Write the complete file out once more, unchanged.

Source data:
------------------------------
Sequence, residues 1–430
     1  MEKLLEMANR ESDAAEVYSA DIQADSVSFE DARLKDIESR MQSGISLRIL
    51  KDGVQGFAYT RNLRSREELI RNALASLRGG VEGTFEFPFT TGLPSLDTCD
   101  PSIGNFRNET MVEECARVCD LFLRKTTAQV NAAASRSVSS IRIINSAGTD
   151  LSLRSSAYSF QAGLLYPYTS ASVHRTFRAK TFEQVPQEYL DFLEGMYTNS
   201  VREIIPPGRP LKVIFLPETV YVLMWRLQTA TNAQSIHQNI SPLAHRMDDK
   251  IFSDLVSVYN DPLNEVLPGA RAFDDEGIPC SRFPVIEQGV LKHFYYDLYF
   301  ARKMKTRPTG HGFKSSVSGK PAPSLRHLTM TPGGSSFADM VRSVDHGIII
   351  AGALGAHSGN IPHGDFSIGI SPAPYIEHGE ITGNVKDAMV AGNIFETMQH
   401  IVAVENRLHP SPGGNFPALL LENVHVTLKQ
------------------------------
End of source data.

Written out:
Sequence, residues 1–430
     1  MEKLLEMANR ESDAAEVYSA DIQADSVSFE DARLKDIESR MQSGISLRIL
    51  KDGVQGFAYT RNLRSREELI RNALASLRGG VEGTFEFPFT TGLPSLDTCD
   101  PSIGNFRNET MVEECARVCD LFLRKTTAQV NAAASRSVSS IRIINSAGTD
   151  LSLRSSAYSF QAGLLYPYTS ASVHRTFRAK TFEQVPQEYL DFLEGMYTNS
   201  VREIIPPGRP LKVIFLPETV YVLMWRLQTA TNAQSIHQNI SPLAHRMDDK
   251  IFSDLVSVYN DPLNEVLPGA RAFDDEGIPC SRFPVIEQGV LKHFYYDLYF
   301  ARKMKTRPTG HGFKSSVSGK PAPSLRHLTM TPGGSSFADM VRSVDHGIII
   351  AGALGAHSGN IPHGDFSIGI SPAPYIEHGE ITGNVKDAMV AGNIFETMQH
   401  IVAVENRLHP SPGGNFPALL LENVHVTLKQ